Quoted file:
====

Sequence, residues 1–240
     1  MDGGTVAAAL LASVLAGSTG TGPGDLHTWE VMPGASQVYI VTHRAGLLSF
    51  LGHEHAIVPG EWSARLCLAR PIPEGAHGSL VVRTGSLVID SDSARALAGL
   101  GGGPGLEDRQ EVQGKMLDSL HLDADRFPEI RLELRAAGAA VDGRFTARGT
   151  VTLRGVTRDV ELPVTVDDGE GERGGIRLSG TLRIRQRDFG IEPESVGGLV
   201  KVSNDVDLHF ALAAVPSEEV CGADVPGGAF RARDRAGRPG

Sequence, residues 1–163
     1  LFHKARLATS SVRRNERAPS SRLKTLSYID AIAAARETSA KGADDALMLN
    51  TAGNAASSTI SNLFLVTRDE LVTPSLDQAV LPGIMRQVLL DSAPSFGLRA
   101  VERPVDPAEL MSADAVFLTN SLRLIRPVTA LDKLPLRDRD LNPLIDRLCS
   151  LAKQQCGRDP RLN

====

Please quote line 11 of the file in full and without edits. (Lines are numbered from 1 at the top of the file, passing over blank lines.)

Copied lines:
   151  LAKQQCGRDP RLN